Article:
Robin Day! A Family Tradition for Spring

Living in the Midwest allows us to enjoy four distinct seasons. We’ve learned to appreciate each season, but the one we anticipate the most is spring.

We celebrated our first Robin Day years ago when my oldest was just a toddler. It had been a long cold winter with a little one who was anxious to play outside. I told him that we would watch for the first robin to come because that meant that spring was here.

When we finally saw that first robin, we were ready to celebrate! I made little bird nests out of rice krispies and put chocolate chips in them for eggs. It was a hit and a tradition was born.

Now every year we diligently watch for the first robin of spring and celebrate with bird nests for dessert. I’ve used several different recipes over the years and found that almost any no-bake cookie would work. Just put an indent in the middle to make it look like a nest. We’ve filled them with chocolate chips, M & M’s, jelly beans, red hots, whatever I have on hand that would be somewhat in the shape of an egg.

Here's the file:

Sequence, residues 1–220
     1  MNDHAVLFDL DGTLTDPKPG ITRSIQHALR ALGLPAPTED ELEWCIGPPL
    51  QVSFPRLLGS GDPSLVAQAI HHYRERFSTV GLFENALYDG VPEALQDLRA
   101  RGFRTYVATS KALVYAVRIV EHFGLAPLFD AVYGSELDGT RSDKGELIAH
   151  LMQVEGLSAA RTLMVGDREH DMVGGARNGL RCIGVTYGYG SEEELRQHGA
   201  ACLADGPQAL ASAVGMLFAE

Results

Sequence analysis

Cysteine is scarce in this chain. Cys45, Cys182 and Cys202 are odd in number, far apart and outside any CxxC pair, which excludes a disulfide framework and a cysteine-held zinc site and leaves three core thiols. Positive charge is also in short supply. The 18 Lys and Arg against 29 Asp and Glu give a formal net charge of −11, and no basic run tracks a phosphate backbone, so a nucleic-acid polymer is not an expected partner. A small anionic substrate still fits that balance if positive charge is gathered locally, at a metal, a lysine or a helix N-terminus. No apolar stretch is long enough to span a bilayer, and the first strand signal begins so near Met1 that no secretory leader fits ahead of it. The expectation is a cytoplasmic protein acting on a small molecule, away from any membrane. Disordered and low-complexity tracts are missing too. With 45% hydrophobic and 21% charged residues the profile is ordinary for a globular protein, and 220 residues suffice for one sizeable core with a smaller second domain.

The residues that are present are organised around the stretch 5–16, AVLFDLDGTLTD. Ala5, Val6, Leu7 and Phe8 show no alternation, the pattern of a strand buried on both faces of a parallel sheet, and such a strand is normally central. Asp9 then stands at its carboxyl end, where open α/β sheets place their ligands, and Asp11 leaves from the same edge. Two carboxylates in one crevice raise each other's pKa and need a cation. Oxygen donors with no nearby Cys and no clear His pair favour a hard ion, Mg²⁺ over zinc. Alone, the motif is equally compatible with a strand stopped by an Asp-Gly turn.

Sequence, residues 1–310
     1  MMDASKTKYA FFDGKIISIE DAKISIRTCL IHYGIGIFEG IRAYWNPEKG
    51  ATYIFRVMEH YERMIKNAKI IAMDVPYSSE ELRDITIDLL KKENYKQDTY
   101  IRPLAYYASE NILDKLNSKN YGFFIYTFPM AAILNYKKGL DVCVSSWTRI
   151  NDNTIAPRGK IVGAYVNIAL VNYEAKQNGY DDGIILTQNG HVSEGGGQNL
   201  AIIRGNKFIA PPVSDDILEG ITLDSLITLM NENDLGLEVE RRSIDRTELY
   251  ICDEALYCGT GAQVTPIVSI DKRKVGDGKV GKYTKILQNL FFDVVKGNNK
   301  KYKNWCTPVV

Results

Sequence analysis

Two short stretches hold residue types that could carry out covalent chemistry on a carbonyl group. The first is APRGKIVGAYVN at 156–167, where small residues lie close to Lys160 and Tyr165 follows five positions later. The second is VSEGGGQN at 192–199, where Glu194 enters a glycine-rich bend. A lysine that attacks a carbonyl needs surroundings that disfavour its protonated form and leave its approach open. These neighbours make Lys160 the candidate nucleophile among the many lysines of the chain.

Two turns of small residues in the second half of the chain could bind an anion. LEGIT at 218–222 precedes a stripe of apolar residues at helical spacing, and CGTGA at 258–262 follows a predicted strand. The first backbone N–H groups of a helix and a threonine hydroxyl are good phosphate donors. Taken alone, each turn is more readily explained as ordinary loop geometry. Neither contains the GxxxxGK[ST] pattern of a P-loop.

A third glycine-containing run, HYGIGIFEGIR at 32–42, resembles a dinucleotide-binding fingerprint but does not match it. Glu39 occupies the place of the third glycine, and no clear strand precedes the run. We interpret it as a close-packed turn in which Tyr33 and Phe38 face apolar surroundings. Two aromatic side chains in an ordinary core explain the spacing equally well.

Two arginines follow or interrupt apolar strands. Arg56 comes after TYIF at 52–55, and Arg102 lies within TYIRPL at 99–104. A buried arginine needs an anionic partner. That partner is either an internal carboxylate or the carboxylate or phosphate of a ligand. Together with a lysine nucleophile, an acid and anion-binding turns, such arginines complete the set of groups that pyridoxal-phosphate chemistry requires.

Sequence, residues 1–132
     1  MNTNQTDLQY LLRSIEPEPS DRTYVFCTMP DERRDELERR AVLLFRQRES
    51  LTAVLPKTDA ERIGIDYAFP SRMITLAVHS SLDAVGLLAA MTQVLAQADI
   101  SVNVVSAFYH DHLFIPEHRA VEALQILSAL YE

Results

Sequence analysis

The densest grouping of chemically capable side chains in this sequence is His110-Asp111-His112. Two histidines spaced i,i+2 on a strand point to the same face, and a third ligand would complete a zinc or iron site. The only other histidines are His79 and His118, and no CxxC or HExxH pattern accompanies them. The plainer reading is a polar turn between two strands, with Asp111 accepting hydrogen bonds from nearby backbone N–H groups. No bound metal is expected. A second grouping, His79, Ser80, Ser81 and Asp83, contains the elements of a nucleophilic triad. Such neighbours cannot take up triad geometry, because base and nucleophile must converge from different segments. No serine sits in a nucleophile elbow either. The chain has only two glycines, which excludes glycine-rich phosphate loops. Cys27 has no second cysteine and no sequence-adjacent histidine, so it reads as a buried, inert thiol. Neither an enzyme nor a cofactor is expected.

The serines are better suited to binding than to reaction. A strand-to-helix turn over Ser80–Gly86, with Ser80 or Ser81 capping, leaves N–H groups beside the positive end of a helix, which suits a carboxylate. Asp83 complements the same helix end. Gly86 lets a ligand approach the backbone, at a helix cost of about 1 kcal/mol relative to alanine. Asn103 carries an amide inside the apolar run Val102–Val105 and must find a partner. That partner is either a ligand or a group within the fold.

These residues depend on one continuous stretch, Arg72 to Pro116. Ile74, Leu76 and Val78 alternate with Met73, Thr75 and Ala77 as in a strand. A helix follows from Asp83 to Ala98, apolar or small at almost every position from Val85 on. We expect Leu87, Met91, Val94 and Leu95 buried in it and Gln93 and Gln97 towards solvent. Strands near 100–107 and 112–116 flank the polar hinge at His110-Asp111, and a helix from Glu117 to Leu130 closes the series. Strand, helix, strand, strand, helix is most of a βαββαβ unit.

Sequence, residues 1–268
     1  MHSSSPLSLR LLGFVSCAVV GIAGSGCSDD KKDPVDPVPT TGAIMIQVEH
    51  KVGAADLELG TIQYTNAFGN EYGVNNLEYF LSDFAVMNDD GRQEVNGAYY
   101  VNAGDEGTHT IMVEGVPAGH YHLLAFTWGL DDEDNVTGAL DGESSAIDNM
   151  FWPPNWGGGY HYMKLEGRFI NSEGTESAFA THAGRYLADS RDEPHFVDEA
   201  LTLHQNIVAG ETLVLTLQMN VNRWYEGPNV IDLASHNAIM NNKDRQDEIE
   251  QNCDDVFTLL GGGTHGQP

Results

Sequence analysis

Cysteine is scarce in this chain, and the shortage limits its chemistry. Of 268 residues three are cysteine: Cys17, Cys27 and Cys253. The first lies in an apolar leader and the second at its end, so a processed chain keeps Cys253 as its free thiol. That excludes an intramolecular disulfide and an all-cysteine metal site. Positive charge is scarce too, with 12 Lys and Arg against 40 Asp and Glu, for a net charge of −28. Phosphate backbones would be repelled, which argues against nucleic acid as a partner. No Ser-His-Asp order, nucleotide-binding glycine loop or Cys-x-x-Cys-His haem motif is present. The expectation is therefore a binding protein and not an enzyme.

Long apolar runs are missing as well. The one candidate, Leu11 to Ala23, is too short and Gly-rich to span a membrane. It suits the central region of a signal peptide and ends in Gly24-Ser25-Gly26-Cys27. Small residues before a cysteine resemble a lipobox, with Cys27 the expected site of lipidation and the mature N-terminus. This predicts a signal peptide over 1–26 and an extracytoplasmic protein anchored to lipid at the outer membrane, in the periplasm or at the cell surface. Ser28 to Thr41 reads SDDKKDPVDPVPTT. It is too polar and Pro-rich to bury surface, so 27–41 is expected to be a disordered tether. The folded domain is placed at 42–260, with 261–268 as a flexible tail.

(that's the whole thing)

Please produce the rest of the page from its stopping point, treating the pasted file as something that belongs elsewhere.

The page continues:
This year I used a no-bake cookie with peanut butter and oatmeal called Mud Cookies, pretty fitting actually!

Mud Cookies:

Boil for one minute: 2 cups sugar, 1/4 c. margarine, 4 Tbsp. cocoa, 1/2 c. milk

Add: 1/2 cup peanut butter, 3 cups oatmeal, 1 tsp. vanilla

Drop on wax paper and push an indent in the middle to make the nest shape. When cool and set, fill with peanut M & M’s or other egg-like treats.

I love having milestones like Robin Day to mark the passage of seasons and create family memories that bind us together!

Changing Seasons, Changing Bird Feeders

I woke up this morning to the sounds of geese calling as they make their journey southward. The constant humming of the combine replaces the insistent chatter of insects and birds during my afternoon walk. It’s beginning to sound like fall. The temperature dipped down to below 40 degrees last night and we’ve dug out the sweatshirts and jeans. There’s a nip in the air as I hang the laundry. It feels like fall. The view from my farmhouse windows is more yellow and oranges than green. The sunsets are breathtaking, but earlier every evening. It even looks like fall. I love the change in seasons, the rush of the harvest, followed by the lull before winter. The falling leaves and the smell of the woodsmoke. It’s time to think about changing the bird feeders. Replacing the oriole and hummingbird feeders with the finch and peanut tube feeders. My favorites are from Woodlink, because they are strong, durable and beautiful. I’ll use both the mini-magnums and the copper series for fall and winter feeding, along with a few cedar feeders. You can find these find feeders at Just search under the garden and patio categories.